Land’s End

Land’s End is the most westerly point on mainland England.

Coordinates: 50°04′07″N 05°42′58″W
Ordnance Survey grid reference: SW 34177 25339

Aerial view of Land's End
Aerial view showing the Land’s End headland (Peal Point), on the left and the Land’s End Hotel and theme park development at Carn Kez on the right

The Land’s End headland, also known as Peal Point or Penn an Wlas (meaning End of the Land) in Cornish, looks out across the Celtic Sea, part of the Atlantic Ocean, with the Isles of Scilly often visible on the horizon on a clear day.

The coastal walk between Sennen Cove and Land’s End, via Mayon Cliff, is highly recommended for its spectacular scenery, as well as the continuation of the coastal path from Land’s End to Porthcurno via Nanjizal.

View of the Land’s End peninsular from across Mayon Cliff, showing the remains of Maen Cliff Castle (the rocky wall to the left), the First and Last House, (on the horizon to right of centre) and the headland of Land’s End with its distinctive arch (top right)

Land’s End has great views of Longships Lighthouse, which lies about two kilometres from the coast – particularly spectacular in high seas when the waves crash in over the Longships rocks with the spray often reaching over the top of the lighthouse.

The light from the more distant Wolf Rock Lighthouse can also be spotted from Land’s End, eight miles out to sea.

Enys Dodnan, the Armed Knight and Longships Lighthouse
Cliffs around Land’s End – Enys Dodnan arch, the Armed Knight (island in the far-ground to right of centre), and Longships Lighthouse

The name Peal Point likely comes from the Cornish Careg an Pell, meaning Spire Rock, which was the name of a rock formation that collapsed into the sea during a storm of 1648. The rock was surmounted by an iron rod or spire, which gave it its name.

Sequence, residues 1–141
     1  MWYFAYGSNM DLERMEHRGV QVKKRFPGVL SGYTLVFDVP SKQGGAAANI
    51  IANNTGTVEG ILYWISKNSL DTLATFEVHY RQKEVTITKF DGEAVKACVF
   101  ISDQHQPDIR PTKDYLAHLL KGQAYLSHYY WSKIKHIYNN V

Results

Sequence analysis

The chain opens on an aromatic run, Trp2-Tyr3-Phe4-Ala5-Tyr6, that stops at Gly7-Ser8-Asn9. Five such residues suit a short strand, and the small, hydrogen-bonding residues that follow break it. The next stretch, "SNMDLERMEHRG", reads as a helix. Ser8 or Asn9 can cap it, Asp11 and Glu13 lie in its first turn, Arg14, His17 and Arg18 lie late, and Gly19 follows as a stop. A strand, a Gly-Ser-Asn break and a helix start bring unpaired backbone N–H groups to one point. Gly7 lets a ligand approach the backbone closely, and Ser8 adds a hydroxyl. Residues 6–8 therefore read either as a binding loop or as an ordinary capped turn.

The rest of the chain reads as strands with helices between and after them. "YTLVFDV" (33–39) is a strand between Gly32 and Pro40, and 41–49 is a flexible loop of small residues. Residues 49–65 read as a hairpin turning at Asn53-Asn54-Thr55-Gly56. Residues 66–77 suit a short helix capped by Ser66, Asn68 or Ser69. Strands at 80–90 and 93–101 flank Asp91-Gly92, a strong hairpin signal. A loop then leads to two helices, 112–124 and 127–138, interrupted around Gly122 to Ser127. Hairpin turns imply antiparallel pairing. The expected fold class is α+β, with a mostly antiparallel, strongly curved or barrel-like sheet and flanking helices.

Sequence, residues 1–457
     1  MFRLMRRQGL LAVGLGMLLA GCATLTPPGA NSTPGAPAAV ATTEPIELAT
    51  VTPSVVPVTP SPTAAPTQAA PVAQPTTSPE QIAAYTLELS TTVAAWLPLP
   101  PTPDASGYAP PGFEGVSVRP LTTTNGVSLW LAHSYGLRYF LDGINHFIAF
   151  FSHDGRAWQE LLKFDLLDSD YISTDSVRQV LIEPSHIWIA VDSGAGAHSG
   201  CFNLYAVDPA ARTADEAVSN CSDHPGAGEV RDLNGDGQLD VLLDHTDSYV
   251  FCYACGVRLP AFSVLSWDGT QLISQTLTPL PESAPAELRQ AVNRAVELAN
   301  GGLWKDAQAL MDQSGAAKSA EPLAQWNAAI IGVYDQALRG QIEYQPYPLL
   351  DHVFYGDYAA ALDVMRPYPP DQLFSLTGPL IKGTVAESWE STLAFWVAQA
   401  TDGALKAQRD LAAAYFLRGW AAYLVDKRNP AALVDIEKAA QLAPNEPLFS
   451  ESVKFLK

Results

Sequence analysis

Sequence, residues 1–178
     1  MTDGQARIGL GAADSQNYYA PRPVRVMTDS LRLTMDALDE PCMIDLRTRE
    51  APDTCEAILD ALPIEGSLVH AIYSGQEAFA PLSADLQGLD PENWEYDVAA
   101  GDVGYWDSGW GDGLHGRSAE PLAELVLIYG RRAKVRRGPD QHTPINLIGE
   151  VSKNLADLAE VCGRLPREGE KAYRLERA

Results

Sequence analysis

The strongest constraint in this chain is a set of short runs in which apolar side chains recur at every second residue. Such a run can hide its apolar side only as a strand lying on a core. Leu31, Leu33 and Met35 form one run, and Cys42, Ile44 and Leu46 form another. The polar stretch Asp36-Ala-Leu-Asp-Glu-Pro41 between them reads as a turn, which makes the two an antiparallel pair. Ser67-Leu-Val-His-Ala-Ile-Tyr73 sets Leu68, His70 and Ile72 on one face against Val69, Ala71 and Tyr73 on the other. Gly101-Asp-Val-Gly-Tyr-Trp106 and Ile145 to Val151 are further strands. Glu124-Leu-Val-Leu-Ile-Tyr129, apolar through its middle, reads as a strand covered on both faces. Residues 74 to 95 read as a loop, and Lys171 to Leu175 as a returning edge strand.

It is said that the spire was erected by either the Romans or King Athelstan and that the rock formation was originally known as the Armed Knight, presumably due to the spire. This name still survives as the name of a rocky island further round the coast (see the picture above).

The westernmost promontory of Land’s End is known as Dr Syntax’s Head after the poem The Tour of Doctor Syntax In Search of the Picturesque, first published in 1809 by William Combe. Another nearby promontory is known as Dr Johnson’s Head, after Dr Samuel Johnson who wrote a spoof declaration of Cornish independence in the late 1770s as an argument against American independence.

The First and Last House (not to be confused with the First and Last Inn, in Sennen village) is the closest building to Land’s End. The cottage was built in the 19th century as a gift shop for the local resident Gracie Thomas and has now been extended well beyond its original size.

The First and Last House at Sunset
The First and Last House at sunset

Not far round the coast, at Carn Kez, is the Land’s End Hotel and theme park complex, which was built in the late 1980s.

Close to this development is the famous Land’s End signpost – a popular photo opportunity for tourists since the 1950s. (Note, there also used to be a suspension bridge nearby across Dollar Cove, but this has now been removed.)

Further round the coast is the 200-year-old Greeb Farm, which has been restored with a collection of animals and a traditional craft workshop.

A small island just off shore near to Greeb Farm, known as Enys Dodnan (possibly from the Cornish for ‘island with the soil on it’), contains a spectacular rock archway, over 12 metres high. (See the picture above.)

The legendary kingdom of Lyonesse, is said to have once stretched beyond the coast of Land’s End to the Isles of Scilly, before it sunk beneath the waves in a single night. Visit the Legends page to read more.

Land’s End to John o’ Groats

Land’s End is well known as the start or destination point for people attempting to travel the length of Britain, to or from John o’ Groats on the northern coast of Scotland. The various methods of making the Land’s End to John o’ Groats journey (also known as LEJOG, or JOGLE in the other direction) include walking, running, cycling and even swimming. As the crow flies, John o’ Groats is 603 miles from Land’s End, although the shortest distance by road is over 800 miles, and many people choose longer, more scenic routes.

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